The duty to mitigate can lead to much confusion and uncertainty, particularly at the outset of a claim, and further guidance on it is available in our article: The duty to mitigate in professional negligence claims

Time limits for professional negligence claims against accountants

There are a number of important reasons for acting promptly when a mistake has been made or discovered. One of these are the time limits that apply to all professional negligence claims.

These time limits can be found in the Limitation Act 1980. In short, they require legal proceedings to be commenced within:

  • 6 years of the date upon which damage or financial loss occurs – section 2
  • 6 years of the date upon which the mistake occurred – section 5
  • 3 years of the earliest date upon which the claimant has both the knowledge required for bringing a claim and the right to bring a claim – section 14A
  • 15 years of the date on which the mistake occurred, even if the time limit prescribed by section 14A has not expired – section 14B

Therefore, where there are grounds for pursuing a professional negligence claim against a solicitor or other lawyer, a claimant will generally have 6 years from the date of wrongdoing or loss, but may have 3 years from the date of discovery, if later, in which to bring any claim, subject to a long stop of 15 years.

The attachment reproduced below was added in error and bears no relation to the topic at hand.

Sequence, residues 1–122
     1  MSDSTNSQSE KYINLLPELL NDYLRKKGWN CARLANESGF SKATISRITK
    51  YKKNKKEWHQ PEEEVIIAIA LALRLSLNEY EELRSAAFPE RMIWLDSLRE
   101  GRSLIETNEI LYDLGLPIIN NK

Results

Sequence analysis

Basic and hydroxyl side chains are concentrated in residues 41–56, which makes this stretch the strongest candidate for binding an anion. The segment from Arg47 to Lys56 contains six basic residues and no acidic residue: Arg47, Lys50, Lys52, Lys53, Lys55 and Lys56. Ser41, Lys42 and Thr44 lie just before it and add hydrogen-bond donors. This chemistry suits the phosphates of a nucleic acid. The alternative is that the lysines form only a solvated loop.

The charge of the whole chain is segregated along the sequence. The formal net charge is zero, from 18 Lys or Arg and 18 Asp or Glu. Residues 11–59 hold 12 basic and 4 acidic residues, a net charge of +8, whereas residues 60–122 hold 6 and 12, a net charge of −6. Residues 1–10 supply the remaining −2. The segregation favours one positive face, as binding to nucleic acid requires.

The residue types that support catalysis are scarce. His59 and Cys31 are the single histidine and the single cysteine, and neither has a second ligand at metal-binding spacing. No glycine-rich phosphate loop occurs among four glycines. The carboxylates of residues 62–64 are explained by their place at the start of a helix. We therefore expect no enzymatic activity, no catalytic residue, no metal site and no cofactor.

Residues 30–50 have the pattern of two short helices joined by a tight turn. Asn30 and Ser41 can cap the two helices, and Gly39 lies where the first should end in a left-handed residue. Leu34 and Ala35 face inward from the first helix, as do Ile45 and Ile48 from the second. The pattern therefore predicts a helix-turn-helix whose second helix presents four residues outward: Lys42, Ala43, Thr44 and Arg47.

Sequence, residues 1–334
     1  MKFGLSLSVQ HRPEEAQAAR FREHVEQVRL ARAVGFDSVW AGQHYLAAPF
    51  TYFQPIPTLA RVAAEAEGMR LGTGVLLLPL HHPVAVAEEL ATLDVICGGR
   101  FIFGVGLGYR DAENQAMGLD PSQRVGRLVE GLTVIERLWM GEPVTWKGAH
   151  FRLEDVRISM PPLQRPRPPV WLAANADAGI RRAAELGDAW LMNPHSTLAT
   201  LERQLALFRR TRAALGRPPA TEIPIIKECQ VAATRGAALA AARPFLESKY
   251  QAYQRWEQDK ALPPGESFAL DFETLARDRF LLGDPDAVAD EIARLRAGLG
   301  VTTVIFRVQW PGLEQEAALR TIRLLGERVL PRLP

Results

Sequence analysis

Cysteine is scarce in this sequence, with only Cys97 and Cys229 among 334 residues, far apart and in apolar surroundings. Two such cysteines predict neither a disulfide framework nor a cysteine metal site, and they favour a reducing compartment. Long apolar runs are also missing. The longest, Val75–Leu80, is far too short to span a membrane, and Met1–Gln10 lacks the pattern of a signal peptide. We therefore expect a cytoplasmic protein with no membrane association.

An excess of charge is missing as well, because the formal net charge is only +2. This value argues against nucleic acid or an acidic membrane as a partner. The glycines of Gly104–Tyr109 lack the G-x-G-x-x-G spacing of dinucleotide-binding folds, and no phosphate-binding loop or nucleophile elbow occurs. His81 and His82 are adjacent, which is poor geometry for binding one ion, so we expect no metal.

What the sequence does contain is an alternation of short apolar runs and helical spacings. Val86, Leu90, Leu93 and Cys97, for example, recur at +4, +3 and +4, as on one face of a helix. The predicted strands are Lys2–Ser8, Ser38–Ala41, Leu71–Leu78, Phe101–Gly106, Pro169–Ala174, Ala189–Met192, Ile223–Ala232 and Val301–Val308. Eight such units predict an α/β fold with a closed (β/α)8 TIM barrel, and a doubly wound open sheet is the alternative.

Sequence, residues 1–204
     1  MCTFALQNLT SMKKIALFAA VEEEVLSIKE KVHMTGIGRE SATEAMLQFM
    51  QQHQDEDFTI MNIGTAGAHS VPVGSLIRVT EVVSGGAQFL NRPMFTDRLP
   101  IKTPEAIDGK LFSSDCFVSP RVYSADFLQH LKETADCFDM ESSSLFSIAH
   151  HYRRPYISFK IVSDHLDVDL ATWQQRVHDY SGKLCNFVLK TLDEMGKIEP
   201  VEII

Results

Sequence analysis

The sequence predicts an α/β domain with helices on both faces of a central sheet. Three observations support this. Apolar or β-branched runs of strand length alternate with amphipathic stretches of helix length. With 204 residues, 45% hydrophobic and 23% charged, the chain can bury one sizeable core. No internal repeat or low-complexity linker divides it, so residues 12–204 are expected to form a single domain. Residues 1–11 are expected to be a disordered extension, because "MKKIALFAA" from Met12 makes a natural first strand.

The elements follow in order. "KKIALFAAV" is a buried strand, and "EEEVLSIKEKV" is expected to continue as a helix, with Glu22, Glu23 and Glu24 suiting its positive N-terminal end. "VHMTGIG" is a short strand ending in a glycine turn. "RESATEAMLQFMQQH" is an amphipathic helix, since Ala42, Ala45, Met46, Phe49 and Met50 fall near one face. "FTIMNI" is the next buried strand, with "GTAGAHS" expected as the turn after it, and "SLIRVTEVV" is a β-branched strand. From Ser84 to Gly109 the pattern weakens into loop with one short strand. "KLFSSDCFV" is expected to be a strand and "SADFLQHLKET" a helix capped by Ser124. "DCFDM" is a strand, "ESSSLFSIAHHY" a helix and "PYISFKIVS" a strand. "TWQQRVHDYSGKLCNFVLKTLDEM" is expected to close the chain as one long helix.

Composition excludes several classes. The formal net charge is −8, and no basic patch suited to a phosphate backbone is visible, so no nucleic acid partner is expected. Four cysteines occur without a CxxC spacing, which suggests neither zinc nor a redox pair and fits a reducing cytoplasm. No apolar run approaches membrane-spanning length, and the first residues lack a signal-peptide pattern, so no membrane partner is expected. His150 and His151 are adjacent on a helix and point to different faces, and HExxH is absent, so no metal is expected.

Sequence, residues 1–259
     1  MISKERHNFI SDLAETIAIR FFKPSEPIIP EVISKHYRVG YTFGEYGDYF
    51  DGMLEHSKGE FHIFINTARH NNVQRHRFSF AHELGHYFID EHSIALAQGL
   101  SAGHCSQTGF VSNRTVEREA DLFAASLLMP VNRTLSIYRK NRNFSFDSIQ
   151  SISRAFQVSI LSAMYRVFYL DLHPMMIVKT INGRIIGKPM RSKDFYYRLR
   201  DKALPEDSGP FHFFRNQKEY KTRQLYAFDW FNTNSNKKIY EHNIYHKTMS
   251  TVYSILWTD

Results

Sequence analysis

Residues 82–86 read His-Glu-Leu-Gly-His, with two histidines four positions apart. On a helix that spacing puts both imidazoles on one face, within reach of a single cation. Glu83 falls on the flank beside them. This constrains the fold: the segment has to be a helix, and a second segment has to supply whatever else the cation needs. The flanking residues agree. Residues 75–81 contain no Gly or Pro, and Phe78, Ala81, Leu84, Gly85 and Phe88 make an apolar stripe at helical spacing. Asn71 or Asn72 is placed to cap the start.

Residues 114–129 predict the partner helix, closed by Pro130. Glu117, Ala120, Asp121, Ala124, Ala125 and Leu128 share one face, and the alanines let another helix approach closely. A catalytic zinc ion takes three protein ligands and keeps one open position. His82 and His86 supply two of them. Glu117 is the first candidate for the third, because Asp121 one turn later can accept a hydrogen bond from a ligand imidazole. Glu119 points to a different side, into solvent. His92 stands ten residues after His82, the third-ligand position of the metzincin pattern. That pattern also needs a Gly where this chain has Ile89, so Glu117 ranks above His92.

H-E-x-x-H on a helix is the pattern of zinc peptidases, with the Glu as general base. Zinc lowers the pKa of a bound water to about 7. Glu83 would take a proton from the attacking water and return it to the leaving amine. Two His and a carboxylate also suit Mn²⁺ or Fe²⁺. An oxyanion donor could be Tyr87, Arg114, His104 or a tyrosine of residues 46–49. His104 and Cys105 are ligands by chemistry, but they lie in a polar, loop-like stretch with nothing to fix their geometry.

However, while these time limits may appear straightforward in summary form, applying them in practice can be much more challenging. Unfortunately, there are a multitude of cases in which they have been misapplied, not only by lay clients acting as litigants in person but also by solicitors and other lawyers who have themselves fallen into error.

Although limitation is a complicated area of law with a large body of case law relating to it, further information about it can be found in our introductory guide: Time limits for professional negligence claims – FAQ

Funding claims for accountant negligence

Before embarking on any professional negligence claim it is imperative to consider how it will be funded. In comparison to other more routine forms of litigation, professional negligence claims can be more complicated, more time-consuming and more costly to resolve.

Fortunately, there are a number of ways to fund litigation. Each has its own advantages and disadvantages and can be more or less suitable, depending on individual circumstances. Further information about these different funding options can be found in our related guide: Fund a claim

Reporting an accountant for misconduct

Regrettably, it is not uncommon for issues of misconduct to arise in the context of professional negligence claims against accountants, as they do in claims against other professionals. While in some instances the misconduct in question can also amount to negligence, this will not be so in every case.